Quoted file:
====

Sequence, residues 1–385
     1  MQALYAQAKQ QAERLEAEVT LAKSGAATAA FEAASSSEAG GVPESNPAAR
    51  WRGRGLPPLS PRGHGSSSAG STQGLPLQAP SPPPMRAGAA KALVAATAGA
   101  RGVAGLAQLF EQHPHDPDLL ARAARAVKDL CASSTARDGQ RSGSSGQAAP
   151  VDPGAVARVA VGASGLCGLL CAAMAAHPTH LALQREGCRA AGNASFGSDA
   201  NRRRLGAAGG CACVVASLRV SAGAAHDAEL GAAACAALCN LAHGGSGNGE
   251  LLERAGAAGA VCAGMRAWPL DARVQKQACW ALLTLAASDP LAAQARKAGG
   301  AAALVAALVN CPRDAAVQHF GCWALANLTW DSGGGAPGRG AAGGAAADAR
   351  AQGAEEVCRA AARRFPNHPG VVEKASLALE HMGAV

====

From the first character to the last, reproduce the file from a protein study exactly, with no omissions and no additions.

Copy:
Sequence, residues 1–385
     1  MQALYAQAKQ QAERLEAEVT LAKSGAATAA FEAASSSEAG GVPESNPAAR
    51  WRGRGLPPLS PRGHGSSSAG STQGLPLQAP SPPPMRAGAA KALVAATAGA
   101  RGVAGLAQLF EQHPHDPDLL ARAARAVKDL CASSTARDGQ RSGSSGQAAP
   151  VDPGAVARVA VGASGLCGLL CAAMAAHPTH LALQREGCRA AGNASFGSDA
   201  NRRRLGAAGG CACVVASLRV SAGAAHDAEL GAAACAALCN LAHGGSGNGE
   251  LLERAGAAGA VCAGMRAWPL DARVQKQACW ALLTLAASDP LAAQARKAGG
   301  AAALVAALVN CPRDAAVQHF GCWALANLTW DSGGGAPGRG AAGGAAADAR
   351  AQGAEEVCRA AARRFPNHPG VVEKASLALE HMGAV